An effective school has a dynamic, even charismatic principal who is able to assemble a staff that shares his or her philosophy and vision. An effective principal is able to marshal the resources in the community - extra money, volunteers, or the support of neighborhood organizations - to help the school. For example, Francesca Pena, principal of the High School of International Business & Finance, one of the four small schools created out of the former George Washington High School in the Washington Heights section of Manhattan, is aggressive in getting resources for her school. She has the support of several non-profit organizations. She has tapped into several banks, which offer internships to her students. She has arranged for her top students to take college courses at Baruch College. She has been able to use a group called "Dominicans on Wall Street" to help inspire her students, many of whose families are from the Dominican Republic. She has attracted a top-notch faculty - smart enthusiastic, creative teachers - and seems to have a good relationship with both teachers and students.
Effective principals know where and how to focus their energy. While aware of all the many problems their students face, these principals are able to discern the core issues and choose first to zero in on one challenge to tackle head on. When we visited Pacific High School in Brooklyn, then Principal Helen Lehrer was relentlessly vigilant about attendance and truancy and spent half of her day calling the homes of missing students. If they came in late, she trapped them on their way in and interrogated them. She got through the idea that coming to school is critical to this "second chance" and most of her kids seemed to get it.
Effective schools have a well-defined mission and serve a well-defined community. It may be a geographic community, such as East Side Community School, on Manhattan's Lower East Side, or a community of shared interests, such as Young Women's Leadership Academy, an all-girls school in East Harlem. International High School in Queens and its sister schools Manhattan International and Bronx International, are clear in their mission and in the type of students they serve: they are successful in helping new immigrants learn English and adjust to life in the United States.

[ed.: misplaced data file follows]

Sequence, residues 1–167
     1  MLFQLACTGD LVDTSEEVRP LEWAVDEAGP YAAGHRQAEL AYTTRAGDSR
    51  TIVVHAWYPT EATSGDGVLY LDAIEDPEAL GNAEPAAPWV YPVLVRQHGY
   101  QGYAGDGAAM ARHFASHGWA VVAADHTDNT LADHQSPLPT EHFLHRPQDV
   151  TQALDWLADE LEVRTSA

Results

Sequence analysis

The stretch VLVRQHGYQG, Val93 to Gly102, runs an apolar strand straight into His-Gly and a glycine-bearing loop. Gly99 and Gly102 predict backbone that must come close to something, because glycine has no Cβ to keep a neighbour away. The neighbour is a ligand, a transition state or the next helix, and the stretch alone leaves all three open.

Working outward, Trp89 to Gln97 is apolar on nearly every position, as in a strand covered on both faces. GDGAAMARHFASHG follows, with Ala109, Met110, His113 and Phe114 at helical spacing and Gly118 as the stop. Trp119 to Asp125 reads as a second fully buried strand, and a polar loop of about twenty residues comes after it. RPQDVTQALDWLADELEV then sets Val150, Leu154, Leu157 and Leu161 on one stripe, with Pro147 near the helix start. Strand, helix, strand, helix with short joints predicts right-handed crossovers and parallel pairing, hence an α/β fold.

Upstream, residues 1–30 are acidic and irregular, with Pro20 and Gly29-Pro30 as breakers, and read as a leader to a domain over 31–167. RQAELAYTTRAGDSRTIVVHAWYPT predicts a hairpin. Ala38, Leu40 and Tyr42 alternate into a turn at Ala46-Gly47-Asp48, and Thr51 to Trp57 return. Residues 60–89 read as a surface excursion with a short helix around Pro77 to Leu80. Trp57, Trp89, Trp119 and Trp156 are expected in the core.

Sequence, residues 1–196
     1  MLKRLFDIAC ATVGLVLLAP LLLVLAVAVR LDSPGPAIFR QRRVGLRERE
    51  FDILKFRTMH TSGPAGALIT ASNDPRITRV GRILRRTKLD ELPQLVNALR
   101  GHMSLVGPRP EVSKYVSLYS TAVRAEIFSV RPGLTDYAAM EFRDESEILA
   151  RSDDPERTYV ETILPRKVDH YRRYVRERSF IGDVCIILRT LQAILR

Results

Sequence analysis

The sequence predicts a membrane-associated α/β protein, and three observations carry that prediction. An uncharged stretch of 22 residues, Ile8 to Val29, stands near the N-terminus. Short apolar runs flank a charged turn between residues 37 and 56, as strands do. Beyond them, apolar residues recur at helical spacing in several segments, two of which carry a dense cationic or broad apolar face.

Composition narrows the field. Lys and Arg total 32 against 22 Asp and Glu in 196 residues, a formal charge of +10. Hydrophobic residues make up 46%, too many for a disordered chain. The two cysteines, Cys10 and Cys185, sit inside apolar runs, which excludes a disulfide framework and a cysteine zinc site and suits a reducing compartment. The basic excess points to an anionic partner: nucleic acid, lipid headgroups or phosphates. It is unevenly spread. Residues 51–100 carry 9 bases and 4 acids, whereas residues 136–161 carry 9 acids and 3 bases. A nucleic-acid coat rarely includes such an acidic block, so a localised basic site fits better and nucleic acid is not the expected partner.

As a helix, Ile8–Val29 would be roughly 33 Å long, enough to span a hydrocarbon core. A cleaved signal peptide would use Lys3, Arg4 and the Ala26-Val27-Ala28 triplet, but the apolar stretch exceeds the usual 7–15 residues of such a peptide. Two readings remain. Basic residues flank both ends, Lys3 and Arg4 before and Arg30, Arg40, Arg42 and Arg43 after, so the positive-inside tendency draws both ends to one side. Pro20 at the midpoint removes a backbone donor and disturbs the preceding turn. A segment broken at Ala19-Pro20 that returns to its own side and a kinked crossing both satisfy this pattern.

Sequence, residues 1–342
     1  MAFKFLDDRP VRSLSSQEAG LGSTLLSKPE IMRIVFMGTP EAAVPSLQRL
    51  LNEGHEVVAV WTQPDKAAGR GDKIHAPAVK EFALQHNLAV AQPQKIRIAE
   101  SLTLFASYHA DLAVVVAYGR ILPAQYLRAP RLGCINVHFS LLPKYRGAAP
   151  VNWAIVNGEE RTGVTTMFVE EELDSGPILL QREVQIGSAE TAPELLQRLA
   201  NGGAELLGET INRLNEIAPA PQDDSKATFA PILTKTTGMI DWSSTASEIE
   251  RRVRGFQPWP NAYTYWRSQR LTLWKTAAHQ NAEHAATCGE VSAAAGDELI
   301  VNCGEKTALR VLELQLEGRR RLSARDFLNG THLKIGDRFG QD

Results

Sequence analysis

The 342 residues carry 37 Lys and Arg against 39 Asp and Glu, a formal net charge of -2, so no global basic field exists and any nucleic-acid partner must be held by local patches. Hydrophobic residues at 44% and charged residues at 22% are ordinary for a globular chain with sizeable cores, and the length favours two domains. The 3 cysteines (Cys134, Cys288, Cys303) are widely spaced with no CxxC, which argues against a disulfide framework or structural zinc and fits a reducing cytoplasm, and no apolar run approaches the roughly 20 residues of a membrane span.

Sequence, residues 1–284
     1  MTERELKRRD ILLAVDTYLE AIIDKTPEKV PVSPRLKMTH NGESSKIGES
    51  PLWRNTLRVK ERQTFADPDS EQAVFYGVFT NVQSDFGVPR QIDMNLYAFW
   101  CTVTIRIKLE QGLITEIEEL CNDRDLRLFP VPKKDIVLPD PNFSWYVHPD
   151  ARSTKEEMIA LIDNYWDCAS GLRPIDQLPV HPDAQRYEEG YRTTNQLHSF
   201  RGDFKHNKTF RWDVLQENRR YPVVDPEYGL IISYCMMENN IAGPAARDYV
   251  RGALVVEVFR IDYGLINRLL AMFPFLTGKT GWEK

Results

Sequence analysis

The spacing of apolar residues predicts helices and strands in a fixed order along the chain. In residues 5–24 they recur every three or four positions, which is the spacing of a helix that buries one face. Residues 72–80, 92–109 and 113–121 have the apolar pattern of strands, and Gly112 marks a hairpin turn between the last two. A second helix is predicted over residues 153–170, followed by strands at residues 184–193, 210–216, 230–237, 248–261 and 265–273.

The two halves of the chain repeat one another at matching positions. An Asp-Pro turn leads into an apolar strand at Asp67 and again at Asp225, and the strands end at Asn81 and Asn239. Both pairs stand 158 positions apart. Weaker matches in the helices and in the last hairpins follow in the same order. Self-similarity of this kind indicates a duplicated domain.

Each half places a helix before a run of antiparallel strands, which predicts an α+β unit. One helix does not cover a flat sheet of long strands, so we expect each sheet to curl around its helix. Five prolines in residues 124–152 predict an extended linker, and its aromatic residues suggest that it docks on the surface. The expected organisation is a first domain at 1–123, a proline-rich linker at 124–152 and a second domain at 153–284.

Attracting good teachers
Although New York City suffers from a chronic shortage of qualified teachers, inspired leadership can attract inspired teachers. Principals who set up a school with a collegial atmosphere in which creative teaching is prized - such as Urban Academy in Manhattan and Bronx International -- attract excellent teachers. Wings Academy in the Bronx and the Institute for Collaborative Education in Manhattan attract recent Brown University graduates. "We are attracting people from way outside the Bronx," said deputy regional superintendent for the eastern Bronx, Eric Nadelstern. "Word has gotten out that you can be creative in our schools."
The former District 2, serving Manhattan's East Side, has become known nationally for the nurturing and stimulating atmosphere it creates for its teachers; new small schools such as Eleanor Roosevelt High School and Millennium High School, benefit from that reputation and are able recruit teachers from a large geographical area.
Unfortunately, the new emphases on standardized tests, particularly the state Regents exams, now required for graduation, have alienated some of the system's best teachers and hampered efforts to invigorate old, tired curriculums. Teachers we interviewed complained that the standardized tests require too much breadth of knowledge and not enough depth - so, for example, Central Park East Secondary School in Manhattan was forced to abandon its six-week lesson on the Vietnam War to make way for briefer lessons on numerous minor events in U.S. history. "Testing is the undoing of instructional reforms, depleting the system of good teachers and good principals," said Ms. Ancess at Teachers College. She fears that new directives on curriculum from the state and the city departments of education amount to a system of "coercive compliance," that punishes teachers who don't conform.